dotCommonweal looks at some Cardinal Kasper detractors. Some of their own readers take them to task for giving a platform to one of the more conservative enclaves. Indeed, my friend Crystal offers the obvious question in the commentariat:
Interesting how vowed religious have such strong opinions about a relationship they have no experience of.
Another dearth of experience is in the situation that happens more frequently than divorced spouses reconciling.
Say you have an inquirer, Mary, who is interested in the Catholic Church. As she gets involved in the parish and does the intake process, the interviewer sighs in relief to learn she has only been married once. But then it gets tangled. Her husband, a non-Catholic, has been married previously. I’ve known situations of people being evangelized who were married for years, if not decades. But the institutional focus is on a first marriage that lasted months, if not weeks. Contact is lost, and the possibility of an annulment is mostly a pipe dream. Probably crack.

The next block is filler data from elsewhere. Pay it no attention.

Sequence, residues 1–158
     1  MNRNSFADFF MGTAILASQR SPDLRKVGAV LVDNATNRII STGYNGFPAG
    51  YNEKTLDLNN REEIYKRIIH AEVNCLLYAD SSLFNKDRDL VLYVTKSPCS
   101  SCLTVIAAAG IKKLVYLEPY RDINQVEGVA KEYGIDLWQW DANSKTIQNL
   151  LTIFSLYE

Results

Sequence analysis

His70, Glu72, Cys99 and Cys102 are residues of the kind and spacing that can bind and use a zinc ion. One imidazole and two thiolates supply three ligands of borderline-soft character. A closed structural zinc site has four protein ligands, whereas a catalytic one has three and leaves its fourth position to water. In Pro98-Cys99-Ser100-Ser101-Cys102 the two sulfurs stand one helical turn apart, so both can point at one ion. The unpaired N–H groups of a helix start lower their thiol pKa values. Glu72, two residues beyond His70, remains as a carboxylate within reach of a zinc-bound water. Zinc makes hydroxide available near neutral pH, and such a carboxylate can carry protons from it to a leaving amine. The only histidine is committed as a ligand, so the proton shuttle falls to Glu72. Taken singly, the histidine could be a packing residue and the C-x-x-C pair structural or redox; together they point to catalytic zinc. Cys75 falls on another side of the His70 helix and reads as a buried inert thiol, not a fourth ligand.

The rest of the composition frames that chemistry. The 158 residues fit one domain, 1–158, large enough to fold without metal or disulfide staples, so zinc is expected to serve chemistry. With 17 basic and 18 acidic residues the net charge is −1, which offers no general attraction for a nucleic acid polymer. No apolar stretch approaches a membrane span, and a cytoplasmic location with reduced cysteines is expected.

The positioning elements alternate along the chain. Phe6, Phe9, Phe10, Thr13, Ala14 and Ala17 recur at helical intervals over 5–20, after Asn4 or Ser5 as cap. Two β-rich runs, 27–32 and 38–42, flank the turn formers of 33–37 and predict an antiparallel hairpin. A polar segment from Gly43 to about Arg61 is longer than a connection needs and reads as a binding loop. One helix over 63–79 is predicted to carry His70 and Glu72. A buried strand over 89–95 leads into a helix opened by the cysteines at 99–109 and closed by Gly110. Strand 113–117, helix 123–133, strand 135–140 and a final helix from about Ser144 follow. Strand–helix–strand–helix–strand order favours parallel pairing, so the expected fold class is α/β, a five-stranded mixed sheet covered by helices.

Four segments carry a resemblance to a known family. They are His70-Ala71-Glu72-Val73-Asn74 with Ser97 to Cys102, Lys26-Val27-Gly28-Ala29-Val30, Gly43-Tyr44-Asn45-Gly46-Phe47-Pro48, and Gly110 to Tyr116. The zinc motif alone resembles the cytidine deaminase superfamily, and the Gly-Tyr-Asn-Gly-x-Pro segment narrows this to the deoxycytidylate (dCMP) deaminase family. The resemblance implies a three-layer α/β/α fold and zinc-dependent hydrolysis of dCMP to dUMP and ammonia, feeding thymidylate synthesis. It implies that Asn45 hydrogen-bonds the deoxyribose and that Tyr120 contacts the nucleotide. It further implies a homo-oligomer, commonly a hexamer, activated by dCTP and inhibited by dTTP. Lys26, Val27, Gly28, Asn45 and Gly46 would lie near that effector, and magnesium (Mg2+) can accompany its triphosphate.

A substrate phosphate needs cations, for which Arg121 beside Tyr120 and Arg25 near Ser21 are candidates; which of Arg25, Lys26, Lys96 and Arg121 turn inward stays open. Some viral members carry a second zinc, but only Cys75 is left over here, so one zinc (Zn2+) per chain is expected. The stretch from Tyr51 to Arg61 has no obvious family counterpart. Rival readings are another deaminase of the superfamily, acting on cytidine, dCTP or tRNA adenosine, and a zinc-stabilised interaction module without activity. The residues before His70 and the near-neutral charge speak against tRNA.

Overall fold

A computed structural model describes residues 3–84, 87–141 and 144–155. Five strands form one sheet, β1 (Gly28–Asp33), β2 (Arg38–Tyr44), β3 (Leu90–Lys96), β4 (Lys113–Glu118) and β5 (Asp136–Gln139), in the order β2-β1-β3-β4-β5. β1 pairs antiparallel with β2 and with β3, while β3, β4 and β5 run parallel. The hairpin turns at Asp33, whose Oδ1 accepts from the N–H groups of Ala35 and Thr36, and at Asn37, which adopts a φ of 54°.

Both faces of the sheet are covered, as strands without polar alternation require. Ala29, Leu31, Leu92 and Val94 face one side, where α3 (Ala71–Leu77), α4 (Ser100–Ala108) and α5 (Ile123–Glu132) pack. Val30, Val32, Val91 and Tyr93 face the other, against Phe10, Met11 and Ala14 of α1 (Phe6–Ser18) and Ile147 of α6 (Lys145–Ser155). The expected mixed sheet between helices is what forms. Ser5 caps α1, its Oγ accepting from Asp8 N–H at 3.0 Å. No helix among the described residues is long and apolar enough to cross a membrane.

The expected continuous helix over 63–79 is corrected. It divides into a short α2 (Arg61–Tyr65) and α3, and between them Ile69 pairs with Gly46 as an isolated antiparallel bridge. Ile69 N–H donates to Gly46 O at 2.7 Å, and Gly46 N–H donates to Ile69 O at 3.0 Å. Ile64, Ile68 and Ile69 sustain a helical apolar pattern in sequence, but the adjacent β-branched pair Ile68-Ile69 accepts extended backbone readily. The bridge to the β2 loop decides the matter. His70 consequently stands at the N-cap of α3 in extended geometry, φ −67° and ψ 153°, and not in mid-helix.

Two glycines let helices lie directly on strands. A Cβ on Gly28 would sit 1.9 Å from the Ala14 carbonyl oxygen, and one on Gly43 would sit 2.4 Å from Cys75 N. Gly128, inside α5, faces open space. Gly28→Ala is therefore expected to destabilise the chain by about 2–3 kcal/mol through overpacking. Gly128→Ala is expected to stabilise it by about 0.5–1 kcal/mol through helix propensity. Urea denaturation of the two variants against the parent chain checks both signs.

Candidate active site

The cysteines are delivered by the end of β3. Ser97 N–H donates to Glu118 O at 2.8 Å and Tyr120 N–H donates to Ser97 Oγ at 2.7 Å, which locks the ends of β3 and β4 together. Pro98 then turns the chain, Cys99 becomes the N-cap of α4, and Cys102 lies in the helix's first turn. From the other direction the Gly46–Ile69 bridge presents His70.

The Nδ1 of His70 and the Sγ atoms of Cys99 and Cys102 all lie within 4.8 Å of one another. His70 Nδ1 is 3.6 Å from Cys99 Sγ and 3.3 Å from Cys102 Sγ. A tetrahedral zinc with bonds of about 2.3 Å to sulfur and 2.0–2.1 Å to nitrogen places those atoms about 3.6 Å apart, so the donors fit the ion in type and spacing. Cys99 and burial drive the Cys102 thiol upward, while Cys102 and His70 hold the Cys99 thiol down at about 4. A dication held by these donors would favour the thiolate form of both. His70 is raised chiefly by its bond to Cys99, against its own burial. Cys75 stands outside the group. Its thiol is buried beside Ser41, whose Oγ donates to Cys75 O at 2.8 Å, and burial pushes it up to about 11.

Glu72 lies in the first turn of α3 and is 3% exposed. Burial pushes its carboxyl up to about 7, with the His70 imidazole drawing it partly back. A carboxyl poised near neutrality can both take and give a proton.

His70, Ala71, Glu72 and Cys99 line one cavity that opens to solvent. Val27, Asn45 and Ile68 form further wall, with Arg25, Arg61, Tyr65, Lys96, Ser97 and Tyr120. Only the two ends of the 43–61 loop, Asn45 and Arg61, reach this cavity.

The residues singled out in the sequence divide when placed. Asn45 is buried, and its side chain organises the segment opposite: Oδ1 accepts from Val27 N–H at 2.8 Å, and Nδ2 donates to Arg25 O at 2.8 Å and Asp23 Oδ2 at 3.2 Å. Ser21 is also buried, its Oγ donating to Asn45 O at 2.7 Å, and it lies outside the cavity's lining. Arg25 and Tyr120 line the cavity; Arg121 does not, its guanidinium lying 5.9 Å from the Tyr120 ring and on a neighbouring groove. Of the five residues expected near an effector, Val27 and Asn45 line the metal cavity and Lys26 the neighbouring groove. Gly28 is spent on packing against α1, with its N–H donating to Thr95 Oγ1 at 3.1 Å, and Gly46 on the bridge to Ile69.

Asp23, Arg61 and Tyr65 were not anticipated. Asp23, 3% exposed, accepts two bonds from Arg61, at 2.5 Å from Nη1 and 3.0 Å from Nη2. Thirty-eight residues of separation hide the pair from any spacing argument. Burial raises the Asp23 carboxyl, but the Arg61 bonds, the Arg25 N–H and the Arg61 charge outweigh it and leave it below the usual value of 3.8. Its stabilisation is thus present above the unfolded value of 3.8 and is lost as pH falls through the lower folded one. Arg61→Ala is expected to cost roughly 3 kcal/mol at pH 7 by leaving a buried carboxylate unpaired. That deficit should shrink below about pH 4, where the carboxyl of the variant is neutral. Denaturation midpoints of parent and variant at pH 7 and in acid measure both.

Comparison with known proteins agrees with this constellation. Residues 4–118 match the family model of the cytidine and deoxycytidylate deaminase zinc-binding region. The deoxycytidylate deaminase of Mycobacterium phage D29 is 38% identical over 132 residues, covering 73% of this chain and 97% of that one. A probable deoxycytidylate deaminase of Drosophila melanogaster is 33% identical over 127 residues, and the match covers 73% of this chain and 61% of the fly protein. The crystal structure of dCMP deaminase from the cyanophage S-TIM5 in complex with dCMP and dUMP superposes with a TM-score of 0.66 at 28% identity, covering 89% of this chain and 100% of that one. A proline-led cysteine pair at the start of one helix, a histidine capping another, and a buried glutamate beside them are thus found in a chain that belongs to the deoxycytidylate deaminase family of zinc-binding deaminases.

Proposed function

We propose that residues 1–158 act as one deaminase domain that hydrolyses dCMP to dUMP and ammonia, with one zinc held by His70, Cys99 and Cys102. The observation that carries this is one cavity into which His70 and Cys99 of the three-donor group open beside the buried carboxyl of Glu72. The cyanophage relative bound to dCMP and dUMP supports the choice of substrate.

You readers do know what happens if the pastor is one of those JP2/B16 straight arrows, right? The husband must get an annulment. Doesn’t matter if he’s not Catholic, or has no intention od becoming one. The whole procedure is hung up on convincing people totally outside the Church to undergo a “healing” for-pay process of which they likely have little to no understanding.
Adding an unnecessary burden?
Crystal’s point is aptly considered. I think we have far too many busybodies in the Church these days–people who offer opinions to those outside their circles. Even theologically astute folk who might find themselves out of their depth. I think care is needed in these situations. I think cross fertilization in most instances is good: lay people discerning seminarians, priests counseling engaged couples, lay associates of religious orders, women and men religious serving parishes, lay people in Roman dicasteries. But such persons are responsible for seeing the whole picture, not just offering a serum concocted in their own test tubes.